“Then some Pharisees and teachers of the law came to Jesus from Jerusalem and asked, ‘Why do your disciples break the tradition of the elders?'”
The reality of Jesus’ time is that, objectively speaking, the Pharisees weren’t such bad guys. There were devoted to following the Scripture. They were teachers. They were true believers. Funny, isn’t it, how they get the brunt of Jesus’ approbation? Their closeness to the Truth yet inability to accept it was their undoing, and perhaps the very reason the Lord gave them such a hard time.
The Pharisees were religious authorities. They were dedicated. They were a part of the system. They had their ideas and traditions. And when the God they worshiped appeared to them in the flesh? Well, they weren’t too happy about that. Jesus didn’t fit their model.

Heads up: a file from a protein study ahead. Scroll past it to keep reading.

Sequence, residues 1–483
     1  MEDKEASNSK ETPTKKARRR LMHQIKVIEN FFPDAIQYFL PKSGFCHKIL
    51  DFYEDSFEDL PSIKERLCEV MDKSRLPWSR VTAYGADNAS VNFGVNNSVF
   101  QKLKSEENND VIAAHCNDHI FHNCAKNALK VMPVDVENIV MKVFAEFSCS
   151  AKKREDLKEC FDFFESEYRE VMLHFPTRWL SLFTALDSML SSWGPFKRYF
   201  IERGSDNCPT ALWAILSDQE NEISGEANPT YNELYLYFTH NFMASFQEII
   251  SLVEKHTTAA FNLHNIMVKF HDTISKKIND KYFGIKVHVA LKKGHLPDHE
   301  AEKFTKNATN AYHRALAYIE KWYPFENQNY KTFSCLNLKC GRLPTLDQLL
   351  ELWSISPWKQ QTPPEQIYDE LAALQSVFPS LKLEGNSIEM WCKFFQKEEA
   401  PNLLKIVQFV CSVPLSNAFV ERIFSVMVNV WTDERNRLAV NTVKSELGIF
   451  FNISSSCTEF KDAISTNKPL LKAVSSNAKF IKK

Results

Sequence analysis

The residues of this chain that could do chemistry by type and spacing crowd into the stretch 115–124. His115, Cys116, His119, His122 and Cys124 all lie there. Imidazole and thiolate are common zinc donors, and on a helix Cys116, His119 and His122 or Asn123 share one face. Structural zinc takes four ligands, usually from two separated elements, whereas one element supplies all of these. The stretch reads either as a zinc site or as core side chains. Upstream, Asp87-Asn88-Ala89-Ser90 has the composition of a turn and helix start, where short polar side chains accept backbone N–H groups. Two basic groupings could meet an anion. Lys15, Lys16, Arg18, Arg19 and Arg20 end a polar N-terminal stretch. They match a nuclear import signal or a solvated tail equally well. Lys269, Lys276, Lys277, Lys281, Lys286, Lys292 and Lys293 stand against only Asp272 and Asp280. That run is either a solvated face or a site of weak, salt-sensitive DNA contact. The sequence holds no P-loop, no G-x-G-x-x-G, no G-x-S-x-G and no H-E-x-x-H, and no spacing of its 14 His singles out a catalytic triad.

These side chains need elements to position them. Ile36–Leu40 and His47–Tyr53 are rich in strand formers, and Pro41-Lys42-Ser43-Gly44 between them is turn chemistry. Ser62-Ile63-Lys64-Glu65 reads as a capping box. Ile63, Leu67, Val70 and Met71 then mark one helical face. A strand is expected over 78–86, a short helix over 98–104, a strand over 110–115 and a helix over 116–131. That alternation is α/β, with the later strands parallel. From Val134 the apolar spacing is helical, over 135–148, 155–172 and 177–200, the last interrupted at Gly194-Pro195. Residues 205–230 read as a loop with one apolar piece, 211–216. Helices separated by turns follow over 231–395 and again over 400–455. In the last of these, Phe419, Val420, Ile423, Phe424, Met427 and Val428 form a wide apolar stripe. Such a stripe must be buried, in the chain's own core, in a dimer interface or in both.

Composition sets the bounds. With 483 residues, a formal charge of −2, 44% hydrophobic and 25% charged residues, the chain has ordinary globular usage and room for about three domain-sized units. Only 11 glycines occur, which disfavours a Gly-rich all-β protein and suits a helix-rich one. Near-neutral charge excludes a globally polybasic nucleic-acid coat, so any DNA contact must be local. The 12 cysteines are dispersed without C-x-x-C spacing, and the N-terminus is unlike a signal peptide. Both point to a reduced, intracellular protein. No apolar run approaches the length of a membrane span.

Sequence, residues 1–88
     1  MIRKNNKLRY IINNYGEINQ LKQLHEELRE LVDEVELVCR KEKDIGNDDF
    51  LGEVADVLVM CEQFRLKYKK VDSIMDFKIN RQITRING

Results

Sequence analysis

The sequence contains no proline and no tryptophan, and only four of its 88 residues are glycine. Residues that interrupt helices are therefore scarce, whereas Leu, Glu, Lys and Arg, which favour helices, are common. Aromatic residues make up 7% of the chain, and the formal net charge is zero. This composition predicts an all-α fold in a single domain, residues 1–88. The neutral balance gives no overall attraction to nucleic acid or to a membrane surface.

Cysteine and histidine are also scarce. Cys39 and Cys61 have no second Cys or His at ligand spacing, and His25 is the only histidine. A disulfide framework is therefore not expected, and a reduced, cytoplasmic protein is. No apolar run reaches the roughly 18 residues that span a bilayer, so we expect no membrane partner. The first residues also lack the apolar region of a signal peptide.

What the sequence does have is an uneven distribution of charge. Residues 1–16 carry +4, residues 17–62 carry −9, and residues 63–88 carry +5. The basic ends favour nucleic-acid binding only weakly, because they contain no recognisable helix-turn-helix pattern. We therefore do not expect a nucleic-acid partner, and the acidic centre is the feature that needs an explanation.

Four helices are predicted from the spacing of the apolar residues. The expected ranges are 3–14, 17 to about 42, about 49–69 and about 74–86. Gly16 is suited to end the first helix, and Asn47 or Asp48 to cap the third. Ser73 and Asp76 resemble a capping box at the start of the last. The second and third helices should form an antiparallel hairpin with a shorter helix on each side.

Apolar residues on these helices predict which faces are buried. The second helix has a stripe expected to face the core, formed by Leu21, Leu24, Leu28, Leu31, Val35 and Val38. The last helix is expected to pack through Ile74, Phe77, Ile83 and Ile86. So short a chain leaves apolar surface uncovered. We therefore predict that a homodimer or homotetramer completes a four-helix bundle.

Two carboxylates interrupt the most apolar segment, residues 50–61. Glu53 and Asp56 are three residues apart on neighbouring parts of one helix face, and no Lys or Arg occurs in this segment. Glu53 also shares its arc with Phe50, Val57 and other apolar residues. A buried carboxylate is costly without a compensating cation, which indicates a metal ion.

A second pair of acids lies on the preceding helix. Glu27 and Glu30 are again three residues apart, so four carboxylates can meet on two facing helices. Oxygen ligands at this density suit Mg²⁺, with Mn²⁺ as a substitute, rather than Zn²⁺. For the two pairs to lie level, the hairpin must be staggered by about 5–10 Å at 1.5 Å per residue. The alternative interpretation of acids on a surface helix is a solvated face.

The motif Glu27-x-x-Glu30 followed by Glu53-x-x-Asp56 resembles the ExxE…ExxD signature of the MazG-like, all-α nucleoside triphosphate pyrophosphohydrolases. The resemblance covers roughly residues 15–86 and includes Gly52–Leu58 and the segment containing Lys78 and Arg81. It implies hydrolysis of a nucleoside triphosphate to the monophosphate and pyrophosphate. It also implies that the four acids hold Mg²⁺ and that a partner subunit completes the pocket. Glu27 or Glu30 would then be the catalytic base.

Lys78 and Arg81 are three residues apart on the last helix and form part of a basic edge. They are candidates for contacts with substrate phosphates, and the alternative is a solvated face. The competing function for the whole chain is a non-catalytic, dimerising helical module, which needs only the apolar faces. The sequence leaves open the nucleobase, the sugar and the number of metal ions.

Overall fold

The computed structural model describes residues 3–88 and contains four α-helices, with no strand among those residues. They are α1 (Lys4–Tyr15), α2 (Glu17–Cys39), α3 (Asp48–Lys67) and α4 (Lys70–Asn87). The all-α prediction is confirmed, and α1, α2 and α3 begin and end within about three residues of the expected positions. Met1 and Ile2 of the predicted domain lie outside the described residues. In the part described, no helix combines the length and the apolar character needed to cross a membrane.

Picking on Pharisees is the often the Christian equivalent of shooting fish in a barrel. I mean, seriously: if Jesus gives them a hard time, surely we should too, right? And they are pretty grumpy and picayune about having things their way. They come off as rigid and stultified compared to the miraculous and life-giving presence of Jesus.
There’s one problem, though. Those same Pharisees that Jesus encounters, so beholden to their traditions and systems? I and those like me (ministers, theologians, long-time Christians, etc.) have the potential to be a lot closer to them than we are to Jesus. We are a part of the system. We know how everything works. Disruptions are not welcome, thank you very much.
I wonder sometimes: if Christ showed up and started messing with my world as he did with those long-lost Pharisees, would I respond the same way as they did?